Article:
32. 32. Object-Oriented Analysis and Design Façade (continued) Structural Im a g e R e c o g n iz e r R obot S t a t is t ic a l P ro c e s s C o n tro l Pattern In v e n to ry A s s e m b le r S u b s y s t e m <<Facade>> B o a rd A s s e m b le r M a n ip u la t o r A r m S u b s y s t e m S c h e d u le r <<Facade>> M a n ip u la r A r m S c h e d u le A rm B in M a n ip u la t o r P re s s u re S e n s o r C h ip S p e c Chapter 23: Gang-of-Four Design Patterns v3.2 32
  33. 33. Object-Oriented Analysis and Design Observer Problem. Behavioral Pattern It is often extremely useful for one object to monitor the state of another object. However, the observed object must actually do all the work. Also, with more objects monitoring it, the observed object gets very highly coupled. Chapter 23: Gang-of-Four Design Patterns v3.2 33
  34. 34. Object-Oriented Analysis and Design Observer (continued) Behavioral Example: Pattern LIS - Resource LIS - Patron Information Information Design Patterns, Gamma et. al. name: CLarman 1994 Addison-Wesley borrowerID: 63910002 callNumber: 94-34264 resources checked out: status: checked out Design Patterns:94-34264 Java in a Nutshell:94-7463or (Observer) (Observer) ??? Book name callNumber status (Subject) Chapter 23: Gang-of-Four Design Patterns v3.2 34
  35. 35. Object-Oriented Analysis and Design Observer (continued) Warning. Behavioral Pattern The classic GoF Observer solution is outdated and weak. It should probably not be used in its classic form, as described in “Design Patterns.” The idea of publish-subscribe is useful, but the early 1980’s-inspired GoF solution is limited. Better to replace it with a modern event-based publish-subscribe form. Java delegation event model. Chapter 23: Gang-of-Four Design Patterns v3.2 35
  36. 36. Object-Oriented Analysis and Design Classic Observer Solution. Behavioral Pattern Generalize the behavior of an Observer as an abstract class. Give the observed object a collection of concrete observers. Let the observed object send a generic notification message to the observers whenever its state changes. S u b je c t O b s e rv e r a d d O b s e rve r(a n O b s e rve r) 1 * re m o ve O b s e rve r(a n O b s e rve r) m yO b s e rve rs u p d a te ( ) n o t if y O b s e r v e r s ( ) c a lls u p d a t e ( ) o n a ll o f O b s e r v e r is a n a b s tr a c t th e O b s e r v e r s in it s c la s s . u p d a te ( ) is d e f in e d c o lle c t io n in th e C o n c r e t e O b s e r v e r s u b c la s s B ook nam e R e s o u r c e I n f o r m a t io n W in d o w 1 1 c a llN u m b e r s ta tu s m yR e s o u rc e u p d a te ( ) s e tS ta tu s (n e w S ta tu s ) Chapter 23: Gang-of-Four Design Patterns v3.2 36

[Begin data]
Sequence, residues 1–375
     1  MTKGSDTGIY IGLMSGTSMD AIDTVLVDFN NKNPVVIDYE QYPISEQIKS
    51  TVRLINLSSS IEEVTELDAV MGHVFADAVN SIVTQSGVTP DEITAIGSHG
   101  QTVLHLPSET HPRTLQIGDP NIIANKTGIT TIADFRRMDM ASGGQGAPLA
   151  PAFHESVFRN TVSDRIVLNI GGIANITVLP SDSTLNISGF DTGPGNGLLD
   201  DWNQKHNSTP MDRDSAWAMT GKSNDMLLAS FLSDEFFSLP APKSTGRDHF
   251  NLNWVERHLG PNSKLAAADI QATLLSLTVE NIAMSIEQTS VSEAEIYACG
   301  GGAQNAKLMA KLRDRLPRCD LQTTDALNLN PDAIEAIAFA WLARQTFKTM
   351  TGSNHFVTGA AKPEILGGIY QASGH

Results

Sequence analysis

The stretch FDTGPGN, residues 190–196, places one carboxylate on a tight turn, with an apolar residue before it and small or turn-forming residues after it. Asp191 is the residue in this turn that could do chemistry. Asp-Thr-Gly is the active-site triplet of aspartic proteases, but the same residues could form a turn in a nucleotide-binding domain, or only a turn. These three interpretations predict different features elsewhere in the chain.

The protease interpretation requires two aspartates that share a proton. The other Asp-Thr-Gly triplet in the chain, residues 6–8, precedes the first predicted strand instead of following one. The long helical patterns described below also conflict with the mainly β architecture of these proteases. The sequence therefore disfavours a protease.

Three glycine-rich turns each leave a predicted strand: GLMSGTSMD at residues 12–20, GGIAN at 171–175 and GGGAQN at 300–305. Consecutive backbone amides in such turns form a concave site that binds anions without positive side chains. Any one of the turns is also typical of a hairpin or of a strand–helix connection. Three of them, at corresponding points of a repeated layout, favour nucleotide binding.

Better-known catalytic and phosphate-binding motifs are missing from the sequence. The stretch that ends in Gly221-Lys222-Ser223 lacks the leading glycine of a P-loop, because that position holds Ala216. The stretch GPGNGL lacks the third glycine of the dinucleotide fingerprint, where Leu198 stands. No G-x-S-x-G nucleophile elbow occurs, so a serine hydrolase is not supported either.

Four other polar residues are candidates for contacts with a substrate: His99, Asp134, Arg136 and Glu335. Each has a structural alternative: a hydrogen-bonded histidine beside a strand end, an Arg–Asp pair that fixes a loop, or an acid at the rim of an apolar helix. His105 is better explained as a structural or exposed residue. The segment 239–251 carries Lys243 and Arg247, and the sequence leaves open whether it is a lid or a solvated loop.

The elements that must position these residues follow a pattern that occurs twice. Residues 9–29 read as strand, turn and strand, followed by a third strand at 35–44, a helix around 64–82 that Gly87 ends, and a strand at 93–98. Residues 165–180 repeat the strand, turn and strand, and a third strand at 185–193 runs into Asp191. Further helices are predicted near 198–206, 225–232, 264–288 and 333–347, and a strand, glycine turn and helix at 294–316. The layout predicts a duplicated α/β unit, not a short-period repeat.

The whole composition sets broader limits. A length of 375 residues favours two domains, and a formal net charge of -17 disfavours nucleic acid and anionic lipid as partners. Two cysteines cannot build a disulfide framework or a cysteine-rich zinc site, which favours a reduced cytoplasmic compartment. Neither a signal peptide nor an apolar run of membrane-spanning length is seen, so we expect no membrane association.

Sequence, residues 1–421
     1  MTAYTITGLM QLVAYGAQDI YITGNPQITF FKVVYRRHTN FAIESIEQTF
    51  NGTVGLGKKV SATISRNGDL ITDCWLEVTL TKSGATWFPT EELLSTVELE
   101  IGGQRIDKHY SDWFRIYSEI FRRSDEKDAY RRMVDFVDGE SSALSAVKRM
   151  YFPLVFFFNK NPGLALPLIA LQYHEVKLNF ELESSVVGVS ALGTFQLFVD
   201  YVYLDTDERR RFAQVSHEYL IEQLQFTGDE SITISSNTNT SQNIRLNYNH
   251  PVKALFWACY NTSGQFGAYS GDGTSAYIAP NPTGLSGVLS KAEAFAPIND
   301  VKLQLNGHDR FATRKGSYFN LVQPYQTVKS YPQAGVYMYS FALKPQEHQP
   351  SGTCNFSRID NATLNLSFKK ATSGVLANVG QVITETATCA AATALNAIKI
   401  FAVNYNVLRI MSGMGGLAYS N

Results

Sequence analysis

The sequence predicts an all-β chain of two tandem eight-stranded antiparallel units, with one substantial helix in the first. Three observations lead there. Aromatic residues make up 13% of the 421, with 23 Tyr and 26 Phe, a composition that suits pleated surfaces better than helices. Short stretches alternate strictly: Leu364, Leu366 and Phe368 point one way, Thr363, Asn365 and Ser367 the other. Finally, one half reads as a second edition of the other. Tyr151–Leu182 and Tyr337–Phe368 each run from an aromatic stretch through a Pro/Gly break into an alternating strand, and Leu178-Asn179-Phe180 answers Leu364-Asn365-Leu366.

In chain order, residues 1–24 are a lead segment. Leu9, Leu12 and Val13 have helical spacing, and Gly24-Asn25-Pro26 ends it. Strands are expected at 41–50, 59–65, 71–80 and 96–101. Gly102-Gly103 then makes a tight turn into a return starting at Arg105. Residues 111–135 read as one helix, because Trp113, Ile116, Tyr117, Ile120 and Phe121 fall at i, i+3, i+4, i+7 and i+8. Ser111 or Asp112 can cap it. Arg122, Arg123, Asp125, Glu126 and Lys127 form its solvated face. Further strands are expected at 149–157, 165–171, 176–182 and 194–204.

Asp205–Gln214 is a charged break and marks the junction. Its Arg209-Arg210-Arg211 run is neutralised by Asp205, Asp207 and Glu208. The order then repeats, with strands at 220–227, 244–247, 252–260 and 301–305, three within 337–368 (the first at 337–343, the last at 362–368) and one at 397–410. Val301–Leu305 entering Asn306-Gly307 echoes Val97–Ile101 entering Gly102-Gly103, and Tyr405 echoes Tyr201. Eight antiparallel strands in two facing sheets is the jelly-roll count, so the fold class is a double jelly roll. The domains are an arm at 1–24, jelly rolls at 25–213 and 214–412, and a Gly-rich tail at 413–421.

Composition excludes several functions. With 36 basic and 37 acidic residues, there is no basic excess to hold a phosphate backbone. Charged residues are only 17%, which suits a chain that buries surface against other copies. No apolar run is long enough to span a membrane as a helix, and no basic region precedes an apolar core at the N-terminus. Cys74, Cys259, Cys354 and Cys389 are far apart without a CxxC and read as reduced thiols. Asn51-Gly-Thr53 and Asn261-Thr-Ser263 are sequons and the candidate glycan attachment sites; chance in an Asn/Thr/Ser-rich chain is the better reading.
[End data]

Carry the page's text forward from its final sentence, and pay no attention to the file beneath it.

37. 37. Object-Oriented Analysis and Design Classic Observer (continued) Behavioral PatternWhat are the weaknesses in Classic Observer? Chapter 23: Gang-of-Four Design Patterns v3.2 37
  38. 38. Object-Oriented Analysis and Design Java Interface and Event-Based Observers Subject/ «interface» Source/ EventListener Publisher java.awt.Button 1 «interface» * ActionListener addActionListener( ActionListener) removeActionListener( ActionListener ) actionPerformed(ActionEvent) processActionEvent( ActionEvent ) adds/removes walks through listeners from collection and sends MyActionListener a collection. actionPerformed() Observer/ message to each Listener/ listener Subscriber actionPerformed(ActionEvent) Chapter 23: Gang-of-Four Design Patterns v3.2 38
  39. 39. Object-Oriented Analysis and Design Java Interface and Event-Based Observers (continued) The delegation event model approach to Observer provides fine-grained notification and low coupling via interfaces. «interface» «interface» EventListener EventListener java.awt.Button «interface» 1 1 «interface» MouseListener * * ActionListener addActionListener( ActionListener) mouseReleased(MouseEvent) removeActionListener( ActionListener ) actionPerformed(ActionEvent) addMouseListener( MouseListener) removeMouseListener( MouseListener ) DavesMouseListener MyActionListener mouseReleased(MouseEvent) actionPerformed(ActionEvent) Chapter 23: Gang-of-Four Design Patterns v3.2 39